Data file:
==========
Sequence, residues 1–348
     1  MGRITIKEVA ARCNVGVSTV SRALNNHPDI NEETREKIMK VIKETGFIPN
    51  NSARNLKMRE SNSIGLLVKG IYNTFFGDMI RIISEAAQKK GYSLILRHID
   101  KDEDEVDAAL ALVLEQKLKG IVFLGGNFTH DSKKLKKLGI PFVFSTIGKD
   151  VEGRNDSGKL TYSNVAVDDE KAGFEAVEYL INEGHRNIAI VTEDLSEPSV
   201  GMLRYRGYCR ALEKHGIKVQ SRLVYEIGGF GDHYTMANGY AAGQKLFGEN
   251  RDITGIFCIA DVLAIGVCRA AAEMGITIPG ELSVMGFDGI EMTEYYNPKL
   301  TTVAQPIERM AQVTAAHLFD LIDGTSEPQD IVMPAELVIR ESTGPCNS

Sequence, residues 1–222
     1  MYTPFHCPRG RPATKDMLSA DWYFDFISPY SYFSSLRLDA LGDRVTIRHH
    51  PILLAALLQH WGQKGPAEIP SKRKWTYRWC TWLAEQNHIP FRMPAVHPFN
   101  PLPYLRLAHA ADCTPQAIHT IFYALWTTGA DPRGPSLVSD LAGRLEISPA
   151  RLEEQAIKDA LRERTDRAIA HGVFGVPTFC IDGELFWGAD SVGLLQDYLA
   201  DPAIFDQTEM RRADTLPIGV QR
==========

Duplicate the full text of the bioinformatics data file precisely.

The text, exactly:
Sequence, residues 1–348
     1  MGRITIKEVA ARCNVGVSTV SRALNNHPDI NEETREKIMK VIKETGFIPN
    51  NSARNLKMRE SNSIGLLVKG IYNTFFGDMI RIISEAAQKK GYSLILRHID
   101  KDEDEVDAAL ALVLEQKLKG IVFLGGNFTH DSKKLKKLGI PFVFSTIGKD
   151  VEGRNDSGKL TYSNVAVDDE KAGFEAVEYL INEGHRNIAI VTEDLSEPSV
   201  GMLRYRGYCR ALEKHGIKVQ SRLVYEIGGF GDHYTMANGY AAGQKLFGEN
   251  RDITGIFCIA DVLAIGVCRA AAEMGITIPG ELSVMGFDGI EMTEYYNPKL
   301  TTVAQPIERM AQVTAAHLFD LIDGTSEPQD IVMPAELVIR ESTGPCNS

Sequence, residues 1–222
     1  MYTPFHCPRG RPATKDMLSA DWYFDFISPY SYFSSLRLDA LGDRVTIRHH
    51  PILLAALLQH WGQKGPAEIP SKRKWTYRWC TWLAEQNHIP FRMPAVHPFN
   101  PLPYLRLAHA ADCTPQAIHT IFYALWTTGA DPRGPSLVSD LAGRLEISPA
   151  RLEEQAIKDA LRERTDRAIA HGVFGVPTFC IDGELFWGAD SVGLLQDYLA
   201  DPAIFDQTEM RRADTLPIGV QR